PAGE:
Author Topic: Shootings in Hanau, Germany  (Read 599 times)

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Offline Skybison

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Re: Shootings in Hanau, Germany
« Reply #30 on: March 22, 2020, 12:42:02 pm »
Well I hope you understand that when I say that I am skeptical the list is complete and ask for your source so I can look at their methodology, just saying "my source is a redditor" without even their username or a link to where they said it isn't going to make me less skeptical. 

Also I have found at least one mass shooting he missed thanks to a podcast I happened to be listening to So no, his list of per 91 mass shootings was not complete.

As for media coverage, you seem to have missed my point.  It's not just that there is more coverage of mass shootings today, and yes violent crime does get much more coverage today, but that the coverage is much easier to find.  Finding every incident where more then one person was shot requires a massive amount of work reading through old newspapers and missing stuff is very easy.  I've seen other people claim to have exhaustive lists of all Canadian mass murders only to find they missed some, including very big ones.

Also your redditor seems to have a very broad definition of what a mass shooting is.  Normally by Mass Shooting someone means a pseudocommando rampage, where a single angry individual goes on a shooting spree in a public setting as an act of revenge on society or terrorism.  However your redditor instead seems to define mass shooting as any incident where at least two people were shot, and as a result includes a number of incidents that don't resemble what is normally thought of as a mass shooting such as violence in families, bar fights, gang warfare, armed robberies that went wrong etc

For example redditor includes the sheddon massacre.  This was a coup d'etat in the Bandidos motorcycle gang where members where lured to a meeting in the countryside then disarmed and killed one by one, not what is usually meant by "mass shooting".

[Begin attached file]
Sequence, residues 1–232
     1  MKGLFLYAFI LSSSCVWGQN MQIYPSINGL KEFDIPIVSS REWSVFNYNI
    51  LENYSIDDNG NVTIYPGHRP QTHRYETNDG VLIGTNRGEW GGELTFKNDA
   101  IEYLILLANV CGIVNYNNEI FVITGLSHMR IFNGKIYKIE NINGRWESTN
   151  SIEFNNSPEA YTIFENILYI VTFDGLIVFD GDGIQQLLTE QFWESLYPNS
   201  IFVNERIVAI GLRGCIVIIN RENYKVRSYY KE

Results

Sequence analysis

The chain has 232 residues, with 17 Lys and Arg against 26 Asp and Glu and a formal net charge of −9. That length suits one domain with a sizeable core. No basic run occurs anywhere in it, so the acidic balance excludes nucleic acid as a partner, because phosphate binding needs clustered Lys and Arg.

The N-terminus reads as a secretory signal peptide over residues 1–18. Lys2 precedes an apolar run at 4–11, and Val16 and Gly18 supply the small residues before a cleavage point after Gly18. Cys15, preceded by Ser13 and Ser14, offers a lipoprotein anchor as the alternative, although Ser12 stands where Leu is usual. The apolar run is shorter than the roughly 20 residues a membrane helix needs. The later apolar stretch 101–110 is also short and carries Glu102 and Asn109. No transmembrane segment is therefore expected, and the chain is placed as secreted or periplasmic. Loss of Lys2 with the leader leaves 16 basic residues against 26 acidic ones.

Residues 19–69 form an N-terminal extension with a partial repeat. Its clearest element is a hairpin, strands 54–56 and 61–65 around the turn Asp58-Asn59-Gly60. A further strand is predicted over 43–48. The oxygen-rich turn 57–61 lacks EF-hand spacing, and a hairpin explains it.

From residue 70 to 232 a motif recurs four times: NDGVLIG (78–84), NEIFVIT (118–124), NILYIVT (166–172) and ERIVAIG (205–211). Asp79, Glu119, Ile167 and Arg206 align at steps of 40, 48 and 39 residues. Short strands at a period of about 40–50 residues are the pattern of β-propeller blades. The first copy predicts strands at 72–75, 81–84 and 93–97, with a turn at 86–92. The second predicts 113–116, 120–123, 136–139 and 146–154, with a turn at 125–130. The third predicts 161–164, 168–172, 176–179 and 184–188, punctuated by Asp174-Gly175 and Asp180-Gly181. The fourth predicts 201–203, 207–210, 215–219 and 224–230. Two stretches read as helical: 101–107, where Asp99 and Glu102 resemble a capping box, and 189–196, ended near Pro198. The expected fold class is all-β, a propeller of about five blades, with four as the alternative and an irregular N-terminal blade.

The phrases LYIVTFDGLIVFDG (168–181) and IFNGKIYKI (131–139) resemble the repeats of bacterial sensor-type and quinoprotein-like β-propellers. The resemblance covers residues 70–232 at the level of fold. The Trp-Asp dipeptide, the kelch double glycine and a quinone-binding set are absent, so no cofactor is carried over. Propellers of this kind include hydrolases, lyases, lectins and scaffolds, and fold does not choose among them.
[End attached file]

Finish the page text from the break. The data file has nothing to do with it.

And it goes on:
I have a hard time believing that before 1991 Canada had zero examples of incidents like the Duke of York Tavern shooting, where a guy got into a bar fight, left and got a gun from his friend and returned to shoot the people he had been fighting with wounding bystanders in the process before 91, especially since the homicide rate back then was twice what it is today.

Most of these incidents are over far to quickly for law enforcement to intervene so I doubt that greater experience could be the reason for lots of of small shootings appear on your list in recent years but not in earlier ones.  The study you linked to before on the other hand gives a much narrower definition of mass shooting, closer to what is normally meant by the term, but the averages can be thrown off by one or two very large mass shootings like the Oslo massacre.

With such a broad definition of mass shooting we would probably get a better picture by dropping lists of incidents and focusing on gun violence or homicide rates in general, which in Canada have been falling steadily since the 1970s.